I liked them all. Like many, I discovered that a Sony eReader isn't quite as perfect for holidays as you might hope: sunlight and screens don't mix, and you don't really want to leave it by the pool. But in general it's handy and doesn't get in the way of the reading experience. I read David Mitchell's The Thousand Autumns of Jacob de Zoet on an eReader (on holiday), and it blew my mind.
Mind you, if I compare the experience of reading the Mitchell with that of the equally extraordinary Wolf Hall, there is just a tiny bit of extra satisfaction I gained from owning a physical copy of the latter. I liked the fact that it sat there waiting temptingly on the shelf in between reads. And I like that the object changed as I read the text within it. I now have a warped, creased and generally softened up paperback, containing a wad of paper - my bookmark - covered in notes and tucked inside. It remains on the shelf, unmistakably my cherished, pored-over book.
The Enhanced Edition of Bunny Munroe for the iPhone is terrific. Not so much for the extras, but for the basics. I didn't feel any need to watch the video of the author reading his book (very well produced, but just too reminiscent of Jim Morrison poetry scenes in the Doors movie), though I did think the synchronised audio was well done. What was most impressive was just how well the book read on a small screen, due to proper care and attention being paid to the formatting of the text.
When I came to read a book on the iPad, I spent a bit more time exploring the intuitive way you can highlight a bit of text, or just a word, and tag it with a typed note. Barely more effort than my scribbles on a bookmark, and probably more durable.
What I really want (to arrive, at last, at my point) is to be able to share such notes.
The main purpose of scribbling down stuff about Wolf Hall was to highlight things for discussion in my book club. I love my book club. We almost always have good discussions, but sometimes a tiny detail of prose style seems too small to raise in the discussion, or awkward, if it would require people to check back to a page reference. Or sometimes I just forget to mention things. What I want from an ebook is the ability to invite all twelve of my book group members, and a selection of friends and family whose opinions I find interesting, to see my annotations, and for me to be able to see theirs.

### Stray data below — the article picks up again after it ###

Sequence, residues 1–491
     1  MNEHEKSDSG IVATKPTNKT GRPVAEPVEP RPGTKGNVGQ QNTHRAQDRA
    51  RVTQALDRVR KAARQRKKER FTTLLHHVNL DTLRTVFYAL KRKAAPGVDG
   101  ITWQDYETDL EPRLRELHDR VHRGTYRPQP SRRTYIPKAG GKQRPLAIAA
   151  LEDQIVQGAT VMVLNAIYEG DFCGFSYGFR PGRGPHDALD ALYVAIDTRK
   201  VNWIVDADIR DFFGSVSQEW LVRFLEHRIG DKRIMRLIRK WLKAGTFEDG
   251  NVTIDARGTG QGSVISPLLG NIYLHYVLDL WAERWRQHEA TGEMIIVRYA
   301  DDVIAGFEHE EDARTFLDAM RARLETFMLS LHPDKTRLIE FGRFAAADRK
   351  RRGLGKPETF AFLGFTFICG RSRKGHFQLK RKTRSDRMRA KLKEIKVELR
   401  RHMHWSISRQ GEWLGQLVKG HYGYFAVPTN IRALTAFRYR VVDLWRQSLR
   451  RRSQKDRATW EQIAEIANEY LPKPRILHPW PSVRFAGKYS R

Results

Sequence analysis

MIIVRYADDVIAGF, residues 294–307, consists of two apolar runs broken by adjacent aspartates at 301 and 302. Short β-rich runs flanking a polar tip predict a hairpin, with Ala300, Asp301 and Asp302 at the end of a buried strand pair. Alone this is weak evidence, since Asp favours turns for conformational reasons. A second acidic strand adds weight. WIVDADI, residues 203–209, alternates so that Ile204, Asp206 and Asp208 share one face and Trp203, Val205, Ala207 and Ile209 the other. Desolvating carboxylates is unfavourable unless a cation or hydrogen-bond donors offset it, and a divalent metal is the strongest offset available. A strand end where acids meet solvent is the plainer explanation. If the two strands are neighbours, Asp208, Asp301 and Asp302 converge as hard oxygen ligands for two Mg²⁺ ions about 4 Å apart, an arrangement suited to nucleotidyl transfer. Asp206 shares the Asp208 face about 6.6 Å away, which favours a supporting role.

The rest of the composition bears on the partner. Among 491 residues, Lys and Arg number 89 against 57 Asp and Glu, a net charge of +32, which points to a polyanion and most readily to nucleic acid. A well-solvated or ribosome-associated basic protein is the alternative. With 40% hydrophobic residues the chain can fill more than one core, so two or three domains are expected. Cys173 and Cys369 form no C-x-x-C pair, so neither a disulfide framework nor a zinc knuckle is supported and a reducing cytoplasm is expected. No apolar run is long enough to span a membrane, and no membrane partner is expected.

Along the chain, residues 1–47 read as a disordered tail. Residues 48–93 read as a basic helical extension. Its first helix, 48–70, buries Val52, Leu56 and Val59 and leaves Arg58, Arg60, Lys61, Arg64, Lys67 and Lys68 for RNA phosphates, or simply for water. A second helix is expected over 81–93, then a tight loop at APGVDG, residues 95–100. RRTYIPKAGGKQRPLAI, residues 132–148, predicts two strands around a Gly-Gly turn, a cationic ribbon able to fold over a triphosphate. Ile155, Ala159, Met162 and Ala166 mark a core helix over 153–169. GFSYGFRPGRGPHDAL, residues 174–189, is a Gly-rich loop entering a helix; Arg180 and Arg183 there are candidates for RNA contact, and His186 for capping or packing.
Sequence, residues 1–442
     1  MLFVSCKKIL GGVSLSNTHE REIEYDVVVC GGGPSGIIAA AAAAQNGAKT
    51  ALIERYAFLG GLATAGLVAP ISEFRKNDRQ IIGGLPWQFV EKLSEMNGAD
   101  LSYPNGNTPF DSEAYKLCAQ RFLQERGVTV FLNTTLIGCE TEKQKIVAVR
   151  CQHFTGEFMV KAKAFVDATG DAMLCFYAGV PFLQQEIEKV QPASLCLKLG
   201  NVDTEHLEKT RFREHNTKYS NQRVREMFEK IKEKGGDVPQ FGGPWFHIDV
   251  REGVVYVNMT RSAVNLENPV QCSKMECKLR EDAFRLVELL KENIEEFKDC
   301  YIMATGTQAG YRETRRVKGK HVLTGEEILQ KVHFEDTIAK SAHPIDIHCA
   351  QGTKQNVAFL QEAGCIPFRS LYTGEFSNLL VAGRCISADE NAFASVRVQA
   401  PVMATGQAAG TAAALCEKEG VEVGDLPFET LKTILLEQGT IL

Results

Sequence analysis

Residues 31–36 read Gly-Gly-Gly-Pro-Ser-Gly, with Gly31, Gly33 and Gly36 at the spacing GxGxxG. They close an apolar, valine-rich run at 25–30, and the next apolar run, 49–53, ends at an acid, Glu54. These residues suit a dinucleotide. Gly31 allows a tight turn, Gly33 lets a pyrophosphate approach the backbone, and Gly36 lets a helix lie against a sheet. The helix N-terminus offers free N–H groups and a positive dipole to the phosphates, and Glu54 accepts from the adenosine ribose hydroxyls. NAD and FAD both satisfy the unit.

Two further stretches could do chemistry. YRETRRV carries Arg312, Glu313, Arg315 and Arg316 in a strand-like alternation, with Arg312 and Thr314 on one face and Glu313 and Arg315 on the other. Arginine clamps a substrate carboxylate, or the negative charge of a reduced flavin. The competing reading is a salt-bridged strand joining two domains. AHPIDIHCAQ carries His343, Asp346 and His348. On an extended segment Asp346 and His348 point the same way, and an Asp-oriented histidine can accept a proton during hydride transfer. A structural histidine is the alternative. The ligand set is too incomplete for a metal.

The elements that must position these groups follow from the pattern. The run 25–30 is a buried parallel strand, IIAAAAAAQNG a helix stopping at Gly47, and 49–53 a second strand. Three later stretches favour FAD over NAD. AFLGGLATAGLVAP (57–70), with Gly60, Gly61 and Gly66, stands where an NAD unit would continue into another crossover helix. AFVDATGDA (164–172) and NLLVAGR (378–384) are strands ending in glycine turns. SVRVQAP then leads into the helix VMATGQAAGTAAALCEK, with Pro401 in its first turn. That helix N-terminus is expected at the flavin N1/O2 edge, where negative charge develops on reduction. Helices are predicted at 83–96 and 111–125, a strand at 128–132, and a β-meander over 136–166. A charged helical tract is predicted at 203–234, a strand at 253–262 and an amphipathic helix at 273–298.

I think this would affect the reading experience quite profoundly, and almost certainly positively. It would be a genuinely social, collaborative experience, but one you control yourself. You can always ignore friends' notes, or read them later.
Two examples encourage me to think it would work. Firstly Apt's Golden Notebooks experiment; a close reading exercise where, theoretically, anyone could annotate the online text (in practice the academics leading it were too damn clever, and put normal people off). Apt is Peter Collingridge, the same chap who makes Enhanced Editions, so it's equally elegant.
Secondly, reading a draft of Chris Cleave's new book with his editor's comments in the margin (annotated in the Word doc) was fascinating. Partly because, as unfinished work, it gave an insight into the editorial conversation, but mostly because it was just fascinating to see where I agreed or disagreed with Chris' editor simply as a fellow reader.
Anyway, it all seems very doable from a technological point of view, unless I've missed the point massively. is anyone doing it?